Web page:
The Write-on effect is introduced in Premiere Elements 14/14.1 and also is included in the current version 15. In the program's project, the effect is found under fx Effects/Video/Generate and seems best considered as a video clip only effect. See comment in ISSUE below. The Adobe details for this effect can be found in the Premiere Elements Effects Reference document HERE. Toggle Animation is a key player in this task function. Since this effect is not listed in that Adobe document as a Windows Only effect, it is assumed that the effect is an option in Mac* and Windows versions of Premiere Elements 14/14.1 and 15.
Consistent with the Adobe document on Write-on effect, I could not get the Write-on effect to work on a Timeline still. This issue was overcome by exporting the Timeline still as a video file using the Export & Share section of the project and then importing that video file into the project and applying the Write-on effect to that video file.
It was found that applying this effect to the video clip takes planning, practice, and patience. It was decided to share my first look experience with the Write-on effect when applying it to a video clip in order to give the look of the text "John" being handwritten on the video as the video is played back.
Premiere Elements 15 Windows 7 Professional SP1 64 bit was used for the exploration.
FIRST LOOK WRITE-ON EFFECT
Intent is to place Write-on keyframes in a path to give the appearance of a word or words being handwritten (character by character) across the Timeline video being played back. Either of the following two approaches should be considered.
A. Create a Write-on Guide in Photoshop Elements 15. See Figure 1 details.
|Figure 1. Write-On Guide Created in Photoshop Elements 15 As PNG File Using New Document (Transparent)/Brush Tool (To Write Out John)/Line Tool (To Place Arrows-Arrowhead At End Of Each Arrow).|
B. Just use a pen or pencil to hand-write the word or words on a piece of paper, noting the path that the pen or pencil travels in using for handwriting the word(s). Draw arrows to indicate the path that the pen or pencil travels. Then refer to that flow path on the paper to remind yourself about the order and flow path of the Write-on keyframes being applied.
Strategy A was used, and the following was obtained as a first try which needs a lot more work and/or editing.
Figure 2. 640 x 480 WMV Video Displaying Premiere Elements 15 Video Write-On Effect.
The final Premiere Elements 15 Expert workspace details for this work can be seen in Figure 3.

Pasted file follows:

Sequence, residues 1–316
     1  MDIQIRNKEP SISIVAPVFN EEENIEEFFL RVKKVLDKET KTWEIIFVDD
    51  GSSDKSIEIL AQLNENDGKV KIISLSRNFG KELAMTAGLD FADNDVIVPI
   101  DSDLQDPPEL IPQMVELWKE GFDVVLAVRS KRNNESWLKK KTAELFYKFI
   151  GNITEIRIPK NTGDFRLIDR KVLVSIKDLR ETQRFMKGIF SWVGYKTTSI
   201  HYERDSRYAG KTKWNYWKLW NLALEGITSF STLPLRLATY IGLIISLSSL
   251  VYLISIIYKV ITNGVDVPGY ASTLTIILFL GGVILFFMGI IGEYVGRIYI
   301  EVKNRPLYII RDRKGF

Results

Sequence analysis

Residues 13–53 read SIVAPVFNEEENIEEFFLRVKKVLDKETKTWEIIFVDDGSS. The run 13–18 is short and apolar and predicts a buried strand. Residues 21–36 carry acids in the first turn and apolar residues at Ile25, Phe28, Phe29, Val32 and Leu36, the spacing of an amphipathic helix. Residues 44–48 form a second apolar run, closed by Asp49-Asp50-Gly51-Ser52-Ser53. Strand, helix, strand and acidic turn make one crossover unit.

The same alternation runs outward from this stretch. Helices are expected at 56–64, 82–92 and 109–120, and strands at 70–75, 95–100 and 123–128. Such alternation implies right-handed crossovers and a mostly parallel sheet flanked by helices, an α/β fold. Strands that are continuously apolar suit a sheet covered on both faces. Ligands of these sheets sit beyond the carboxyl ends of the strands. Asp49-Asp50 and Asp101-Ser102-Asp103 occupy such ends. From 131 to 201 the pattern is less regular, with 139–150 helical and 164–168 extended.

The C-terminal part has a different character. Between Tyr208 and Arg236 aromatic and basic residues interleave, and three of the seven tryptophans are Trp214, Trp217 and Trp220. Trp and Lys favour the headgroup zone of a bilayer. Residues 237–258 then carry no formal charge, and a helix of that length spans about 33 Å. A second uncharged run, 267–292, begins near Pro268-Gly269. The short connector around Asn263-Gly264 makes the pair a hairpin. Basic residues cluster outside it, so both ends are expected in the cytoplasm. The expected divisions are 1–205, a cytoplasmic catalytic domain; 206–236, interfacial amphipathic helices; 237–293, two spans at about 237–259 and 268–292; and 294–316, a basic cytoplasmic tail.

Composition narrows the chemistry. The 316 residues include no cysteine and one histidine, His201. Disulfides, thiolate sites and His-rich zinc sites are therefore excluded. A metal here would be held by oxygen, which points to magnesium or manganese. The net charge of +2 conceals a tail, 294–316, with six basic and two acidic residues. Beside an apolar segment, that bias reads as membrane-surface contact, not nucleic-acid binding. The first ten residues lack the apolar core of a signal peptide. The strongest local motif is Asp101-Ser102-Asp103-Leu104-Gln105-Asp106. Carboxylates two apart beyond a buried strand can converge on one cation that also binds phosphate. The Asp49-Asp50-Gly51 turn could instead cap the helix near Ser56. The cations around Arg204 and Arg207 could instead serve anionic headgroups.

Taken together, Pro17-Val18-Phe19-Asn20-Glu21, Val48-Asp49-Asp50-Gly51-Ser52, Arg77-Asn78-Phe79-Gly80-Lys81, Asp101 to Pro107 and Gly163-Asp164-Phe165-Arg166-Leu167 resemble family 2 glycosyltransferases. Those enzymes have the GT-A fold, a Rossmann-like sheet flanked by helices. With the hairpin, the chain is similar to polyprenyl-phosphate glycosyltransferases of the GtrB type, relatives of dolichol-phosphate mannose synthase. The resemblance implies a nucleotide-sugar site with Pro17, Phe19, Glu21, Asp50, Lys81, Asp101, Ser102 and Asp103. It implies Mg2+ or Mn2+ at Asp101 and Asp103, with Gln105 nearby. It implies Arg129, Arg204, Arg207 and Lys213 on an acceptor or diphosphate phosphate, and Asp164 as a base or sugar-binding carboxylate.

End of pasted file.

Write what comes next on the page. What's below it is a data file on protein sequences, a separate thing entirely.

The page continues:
Video on Video Track 1 and Write-on guide on Video Track 2. Followed by Write-on effect applied to video. For Premiere Elements 15, see fx Effects/Video/Generate/Write-On.
In the opened Write-on Panel set the Color and Brush Size. Important - Remember to have the video selected and click once on the word Write-on in the Write-on panel in order to visualize the circled X and subsequent keyframes. With the circled X over the initial brush dot, move the brush dot to start of the handwriting. (Subsequently that brush dot will be extended with keyframes/movements to progressively form the handwritten word.) Then
- Select the Toggle Animation icon
- With the right arrow key, move the Timeline Indicator 5 frames (or use Shift + right arrow if that is working or just tap the right arrow 5 times).
- With the mouse cursor move the circled dot with the X to the next position along the prescribed flow path.
- Then move the Timeline Indicator 5 frames and move the dot with the X to the next position along the prescribed path. Continue in this pattern.
- Keyframes can be adjusted along the way or afterward using the handles of a keyframe.
- Also to be explored are the options under Paint Style in the Write-on effect: On Original Image (seen in Figure 3), On Transparency, or Reveal Original Image (video shows through the body of the text). At the end, make sure that the keyframe** for each point is set accordingly.
More work needs to be done including use of interpolation methods for improving the handwriting movements. As mentioned previously here, this blog post offers a first look.
*I do not use Mac computer and consequently do not have access to Premiere Elements Mac versions.
**It is assumed that the user will have a basic understanding of Premiere Elements keyframing.